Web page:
It is really A Victory For JARAApaksa Clan, But At Some Price Paid And Counting.

  • 0

    Rajafucksa always wins.

    Modaya Tamils always lose.

  • 0

    Interacting with the international community and sharing in principles of coexistance and harmony will no doubt be a positive experience for the Sri Lankan govt. Isolation breeds mistrust and deviousness. The effect of the local extremists and pressure groups will diminish to pave the way for a more balanced approach to governance and international relations.

    Too long have we chosen to ignore the advise of the international community feigning reasons of sovereignity and patriotism. By assuming the leadership of CHOGM we will need to accept the principles of the Commonwealth. It is hoped that this will reflect in a new style of governance and political leadership within the country as well. Then will CHOGM translate into a victory for the people of the country not only President Rajapakse.

  • 0


    You people had a thirty year war to get your own country ?

    What is the cost ? Who will pay for that ? You Tamils will pay for it ? India will pay for it ?

    Did you write this kind of titles those days ?

    • 0

      “Did you write this kind of titles those days ?”

      Reply: ALWAYS!

  • 0

    …… Secretary Sharma allegedly went a step further and advised the government to have the new Supreme Court overturn the earlier court rulings against the impeachment process in order to retroactively legitimize the sacking of Chief Justice Bandaranayake and the hiring of her replacement.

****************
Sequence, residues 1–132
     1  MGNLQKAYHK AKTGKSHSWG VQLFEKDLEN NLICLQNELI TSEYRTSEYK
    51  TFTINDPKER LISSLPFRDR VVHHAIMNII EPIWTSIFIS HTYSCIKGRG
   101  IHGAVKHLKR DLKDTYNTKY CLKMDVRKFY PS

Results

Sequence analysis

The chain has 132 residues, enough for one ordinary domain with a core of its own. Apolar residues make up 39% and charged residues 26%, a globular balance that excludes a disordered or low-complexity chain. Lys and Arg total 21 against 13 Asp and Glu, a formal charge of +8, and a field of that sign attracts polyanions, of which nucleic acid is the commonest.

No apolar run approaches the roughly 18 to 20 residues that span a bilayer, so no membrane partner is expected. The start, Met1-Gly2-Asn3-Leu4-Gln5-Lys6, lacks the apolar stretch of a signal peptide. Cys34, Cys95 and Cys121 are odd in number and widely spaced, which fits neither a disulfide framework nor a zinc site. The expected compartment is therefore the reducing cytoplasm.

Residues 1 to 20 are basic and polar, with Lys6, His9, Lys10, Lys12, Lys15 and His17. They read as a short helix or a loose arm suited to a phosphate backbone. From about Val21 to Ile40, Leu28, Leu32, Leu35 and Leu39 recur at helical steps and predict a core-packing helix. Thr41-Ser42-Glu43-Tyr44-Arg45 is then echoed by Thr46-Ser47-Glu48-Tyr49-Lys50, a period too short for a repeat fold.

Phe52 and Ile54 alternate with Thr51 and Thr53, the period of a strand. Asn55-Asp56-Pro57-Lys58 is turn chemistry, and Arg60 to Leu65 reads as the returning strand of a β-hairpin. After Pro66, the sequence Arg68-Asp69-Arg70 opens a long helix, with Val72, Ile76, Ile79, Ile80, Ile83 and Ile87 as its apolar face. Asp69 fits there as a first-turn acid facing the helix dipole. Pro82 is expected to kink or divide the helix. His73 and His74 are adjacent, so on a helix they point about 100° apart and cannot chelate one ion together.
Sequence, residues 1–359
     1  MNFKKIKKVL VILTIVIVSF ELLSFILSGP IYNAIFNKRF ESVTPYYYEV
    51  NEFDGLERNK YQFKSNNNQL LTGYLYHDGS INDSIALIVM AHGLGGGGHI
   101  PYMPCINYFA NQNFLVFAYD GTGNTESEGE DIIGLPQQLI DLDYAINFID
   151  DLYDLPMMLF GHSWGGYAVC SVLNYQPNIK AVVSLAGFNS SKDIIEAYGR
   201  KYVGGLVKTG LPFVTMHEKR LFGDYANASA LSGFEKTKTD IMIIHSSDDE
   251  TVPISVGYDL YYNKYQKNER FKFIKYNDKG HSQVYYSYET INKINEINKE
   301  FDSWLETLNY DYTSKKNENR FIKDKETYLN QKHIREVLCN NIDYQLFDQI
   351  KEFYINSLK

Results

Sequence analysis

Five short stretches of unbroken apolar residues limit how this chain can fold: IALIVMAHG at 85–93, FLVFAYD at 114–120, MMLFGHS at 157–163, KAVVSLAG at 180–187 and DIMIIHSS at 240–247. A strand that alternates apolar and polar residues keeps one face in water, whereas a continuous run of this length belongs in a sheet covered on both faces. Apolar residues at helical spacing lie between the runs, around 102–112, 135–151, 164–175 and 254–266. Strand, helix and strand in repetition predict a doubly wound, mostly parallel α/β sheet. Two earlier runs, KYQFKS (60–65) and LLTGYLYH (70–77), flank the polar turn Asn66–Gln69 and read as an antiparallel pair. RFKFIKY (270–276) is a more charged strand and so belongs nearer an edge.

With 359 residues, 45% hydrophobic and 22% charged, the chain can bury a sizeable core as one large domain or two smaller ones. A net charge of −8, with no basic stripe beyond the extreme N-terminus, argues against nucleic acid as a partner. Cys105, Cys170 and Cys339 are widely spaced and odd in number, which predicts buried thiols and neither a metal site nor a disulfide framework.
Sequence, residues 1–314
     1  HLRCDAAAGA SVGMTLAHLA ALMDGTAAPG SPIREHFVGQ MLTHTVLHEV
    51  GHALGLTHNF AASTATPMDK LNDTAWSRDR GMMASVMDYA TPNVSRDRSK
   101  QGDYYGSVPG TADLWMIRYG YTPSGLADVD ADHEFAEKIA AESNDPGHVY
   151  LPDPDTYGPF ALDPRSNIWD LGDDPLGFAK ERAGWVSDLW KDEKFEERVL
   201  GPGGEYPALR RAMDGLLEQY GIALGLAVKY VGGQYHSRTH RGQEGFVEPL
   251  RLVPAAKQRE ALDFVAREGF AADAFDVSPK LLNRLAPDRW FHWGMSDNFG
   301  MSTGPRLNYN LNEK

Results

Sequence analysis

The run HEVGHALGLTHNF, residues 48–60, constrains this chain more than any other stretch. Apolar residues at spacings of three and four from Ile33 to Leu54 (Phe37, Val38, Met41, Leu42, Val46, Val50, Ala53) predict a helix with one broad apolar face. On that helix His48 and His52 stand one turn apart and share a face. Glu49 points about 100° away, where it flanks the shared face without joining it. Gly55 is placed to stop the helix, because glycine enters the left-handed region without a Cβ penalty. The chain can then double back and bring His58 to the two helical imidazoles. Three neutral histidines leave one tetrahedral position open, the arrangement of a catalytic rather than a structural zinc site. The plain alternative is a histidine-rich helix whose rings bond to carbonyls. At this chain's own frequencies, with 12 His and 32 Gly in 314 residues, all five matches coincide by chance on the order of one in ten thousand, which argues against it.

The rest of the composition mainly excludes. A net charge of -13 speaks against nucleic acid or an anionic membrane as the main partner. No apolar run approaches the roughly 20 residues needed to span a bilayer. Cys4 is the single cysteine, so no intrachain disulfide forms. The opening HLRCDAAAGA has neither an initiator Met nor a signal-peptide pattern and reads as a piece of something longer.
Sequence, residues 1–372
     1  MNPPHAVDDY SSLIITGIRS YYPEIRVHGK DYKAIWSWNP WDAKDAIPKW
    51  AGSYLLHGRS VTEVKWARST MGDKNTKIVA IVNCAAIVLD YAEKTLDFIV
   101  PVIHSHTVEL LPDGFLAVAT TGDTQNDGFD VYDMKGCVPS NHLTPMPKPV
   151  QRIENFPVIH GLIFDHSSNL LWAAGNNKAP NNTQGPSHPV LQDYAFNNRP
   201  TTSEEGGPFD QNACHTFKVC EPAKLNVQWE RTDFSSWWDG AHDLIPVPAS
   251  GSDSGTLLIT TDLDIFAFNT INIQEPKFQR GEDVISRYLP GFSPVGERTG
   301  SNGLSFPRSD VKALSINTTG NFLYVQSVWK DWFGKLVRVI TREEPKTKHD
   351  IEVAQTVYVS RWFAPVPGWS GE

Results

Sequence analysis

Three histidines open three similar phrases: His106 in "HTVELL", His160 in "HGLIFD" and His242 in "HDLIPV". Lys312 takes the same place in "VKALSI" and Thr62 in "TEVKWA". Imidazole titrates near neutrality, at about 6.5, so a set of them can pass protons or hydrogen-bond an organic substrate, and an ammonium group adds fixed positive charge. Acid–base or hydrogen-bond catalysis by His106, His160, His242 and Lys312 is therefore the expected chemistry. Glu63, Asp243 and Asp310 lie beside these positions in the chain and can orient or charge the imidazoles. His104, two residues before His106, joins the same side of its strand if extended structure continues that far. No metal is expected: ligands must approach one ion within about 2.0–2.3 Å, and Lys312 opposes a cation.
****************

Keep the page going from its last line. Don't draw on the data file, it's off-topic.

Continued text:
Thinking of the person decorating the post of Secretary General of Commonwealth Secretariat, this allegation is very disgusting.

  • 0

    UPFA blame suddha buggers for all happening outside against them.

    This is the time to show Suddha buggers that MR can be the host for suddhas.
    He should be a proud man for next few years. -:)

  • 0

    Sydney, Australia had a “mega” wild fire a week ago and the Australian PM is reluctantly heading to Colombo. St Jude hurricane battered southern UK and caused cancellation of all flights and trains. Interestingly, the storm was given a name (which is uncommon in the UK) and the stormy day apparently was the feast day of St Jude Thaddeus, the patron saint of lost causes. Hopefully, David Cameron will deliver a stern message to Mahinda Rajapaksa at least to avoid another visit from St Jude. In the meantime Stephen Harper is enjoying sublime weather in Canada (perhaps not politically)as the leaves change colours and fall gently sets in.